Most (perhaps all) private companies do not have to pre-pay retiree benefits, but then again, most companies don’t get a government-protected monopoly on mailboxes, an exemption from property tax, and a waiver for vehicle registration fees. Most private companies haven’t borrowed $10 billion from the Treasury. Can we really blame the Treasury for wanting that money back? For wanting that money back, in installments, over time? Can we blame the Treasury for providing a loan and then managing it the proper way?
We have been here before. A year ago, the postal service was in this same spot: about to hit its debt limit, and unable to pay what was owed to the Treasury. What did we do about it? We kicked the can down the road. Congress passed a resolution delaying the deadline by which the postal service had to pay up.
We can debate the details of the USPS all we want, but we ought to be focusing on the pattern that the USPS default follows. The problem at the Post Office is a mandate to pay retirees that cannot be fulfilled because the agency is broke. These payments represent a fraction of the Postal Service’s activity. But the very same thing -paying retiree benefits- represents just about all of what the Social Security Administration does.
The Social Security Administration can’t exactly decide to raise revenue on its own (that would mean a tax hike – which would require Congress to act). Similarly, the Post Office cannot raise fees without the approval of a regulatory agency. The Post Office can consider cutting certain services, though not all cutbacks would be approved – Social Security can’t exactly decide not to send out checks every
month. The Social Security Administration is partially removed from the free market, just like the Postal Service is.
Social Security is in trouble. Just like with the USPS, we dealt with this last year. The government couldn’t make the payments it was supposed to – payments like Social Security – unless it borrowed more money. We kicked the can down the road by raising the debt ceiling. It must be nice to be the government– every time you hit a wall, you can just move the wall and keep on going! It’s like a Choose-Your-Own Adventure, except Congressional inaction chooses the adventure for you, and the adventure is awful. So, that is to say, not like Choose-Your-Own Adventure at all.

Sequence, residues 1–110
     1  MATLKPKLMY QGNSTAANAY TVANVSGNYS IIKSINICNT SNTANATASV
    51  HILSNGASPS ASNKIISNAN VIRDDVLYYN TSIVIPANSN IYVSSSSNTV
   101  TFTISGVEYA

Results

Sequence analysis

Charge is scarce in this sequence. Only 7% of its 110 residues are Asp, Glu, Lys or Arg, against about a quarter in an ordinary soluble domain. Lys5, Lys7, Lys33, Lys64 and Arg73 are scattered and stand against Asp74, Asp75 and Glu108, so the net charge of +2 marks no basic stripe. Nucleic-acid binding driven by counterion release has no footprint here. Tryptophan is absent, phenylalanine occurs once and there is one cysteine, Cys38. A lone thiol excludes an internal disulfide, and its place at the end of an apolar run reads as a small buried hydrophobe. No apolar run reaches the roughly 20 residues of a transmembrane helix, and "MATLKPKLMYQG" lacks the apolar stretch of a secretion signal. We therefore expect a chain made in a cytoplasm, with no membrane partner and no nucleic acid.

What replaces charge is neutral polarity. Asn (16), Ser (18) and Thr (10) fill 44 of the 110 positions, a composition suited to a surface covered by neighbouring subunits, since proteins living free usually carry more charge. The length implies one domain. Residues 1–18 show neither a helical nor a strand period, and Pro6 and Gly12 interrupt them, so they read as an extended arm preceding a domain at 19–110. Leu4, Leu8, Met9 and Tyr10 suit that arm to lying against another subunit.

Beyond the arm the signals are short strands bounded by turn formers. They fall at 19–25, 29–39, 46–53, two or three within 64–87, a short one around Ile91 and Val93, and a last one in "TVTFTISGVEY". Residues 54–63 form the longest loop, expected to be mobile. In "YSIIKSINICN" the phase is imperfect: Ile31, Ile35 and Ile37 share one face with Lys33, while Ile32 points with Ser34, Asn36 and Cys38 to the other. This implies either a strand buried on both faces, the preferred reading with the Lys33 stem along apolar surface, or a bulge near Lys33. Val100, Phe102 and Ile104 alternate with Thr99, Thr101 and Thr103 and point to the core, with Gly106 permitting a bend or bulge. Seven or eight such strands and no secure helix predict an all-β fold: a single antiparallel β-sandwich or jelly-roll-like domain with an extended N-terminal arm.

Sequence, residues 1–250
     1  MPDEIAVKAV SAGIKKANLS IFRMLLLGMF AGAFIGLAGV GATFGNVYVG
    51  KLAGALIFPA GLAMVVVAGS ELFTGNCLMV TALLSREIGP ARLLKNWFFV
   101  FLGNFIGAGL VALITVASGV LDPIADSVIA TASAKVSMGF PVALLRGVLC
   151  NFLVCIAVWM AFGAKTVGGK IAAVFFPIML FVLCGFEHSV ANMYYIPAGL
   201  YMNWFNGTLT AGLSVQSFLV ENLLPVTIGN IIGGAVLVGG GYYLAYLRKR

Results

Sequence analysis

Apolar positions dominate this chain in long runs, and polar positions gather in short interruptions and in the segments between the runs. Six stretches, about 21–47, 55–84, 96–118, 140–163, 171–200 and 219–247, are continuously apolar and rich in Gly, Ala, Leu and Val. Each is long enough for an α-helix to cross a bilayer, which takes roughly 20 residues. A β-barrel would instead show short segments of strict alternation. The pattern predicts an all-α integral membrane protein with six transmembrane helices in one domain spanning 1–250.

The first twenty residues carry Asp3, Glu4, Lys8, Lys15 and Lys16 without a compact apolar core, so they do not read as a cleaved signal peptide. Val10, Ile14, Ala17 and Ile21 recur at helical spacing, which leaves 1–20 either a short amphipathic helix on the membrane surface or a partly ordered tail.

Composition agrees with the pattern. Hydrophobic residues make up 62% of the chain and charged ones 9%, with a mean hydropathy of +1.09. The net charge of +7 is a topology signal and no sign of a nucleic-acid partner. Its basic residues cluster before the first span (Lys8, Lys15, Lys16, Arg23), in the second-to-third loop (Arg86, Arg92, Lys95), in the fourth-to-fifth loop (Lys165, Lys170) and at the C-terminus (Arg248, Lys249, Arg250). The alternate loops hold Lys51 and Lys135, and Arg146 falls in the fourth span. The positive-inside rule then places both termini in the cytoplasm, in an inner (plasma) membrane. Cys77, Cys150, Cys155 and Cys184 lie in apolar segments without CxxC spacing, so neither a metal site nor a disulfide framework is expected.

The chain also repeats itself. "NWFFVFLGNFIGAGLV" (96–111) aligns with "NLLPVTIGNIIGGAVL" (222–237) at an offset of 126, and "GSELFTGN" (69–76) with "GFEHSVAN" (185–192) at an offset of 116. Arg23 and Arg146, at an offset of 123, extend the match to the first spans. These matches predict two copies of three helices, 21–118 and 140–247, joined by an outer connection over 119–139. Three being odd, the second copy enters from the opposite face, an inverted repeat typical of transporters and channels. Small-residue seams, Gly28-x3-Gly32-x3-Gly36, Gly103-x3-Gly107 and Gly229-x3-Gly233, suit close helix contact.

Social Security is still falling down into the debt spiral. But the postal service is showing us that default can happen to government agencies. It will be far more expensive to fix USPS now, than it would have been to fix it before it racked a huge debt. It’s easier to crawl out of a hole when the hole is shallow… and very difficult when the hole is billions of dollars deep. This sets a frightening precedent for Social Security. We should get Social Security on a path to solvency now, before it, too, has to default. Some restructuring pain now might just be able to save Social Security from genuine crisis down the road. Because when we ship a government agency to hell in a handbasket, the postage is devastatingly high.
Angela Morabito (@_AngelaMorabito) joined TheCollegeConservative as the Director of Public Relations from Georgetown University's School of Foreign Service in Washington, DC, where she studied Culture and Politics. She completed an internship at the Society for International Development and served as the Communications Director for DC/Virginia Students with Newt. Additionally, she served as the Public Relations Director for the Hilltop MicroFinance Initiative, Inc., the second-largest student-run micro-lending group in America. Her work has been featured by Michelle Malkin, Rush Limbaugh, CSRWire, FastCompany, and many others. Angela Morabito is a native of Marietta, Georgia.
She now serves on TCC's Executive Board.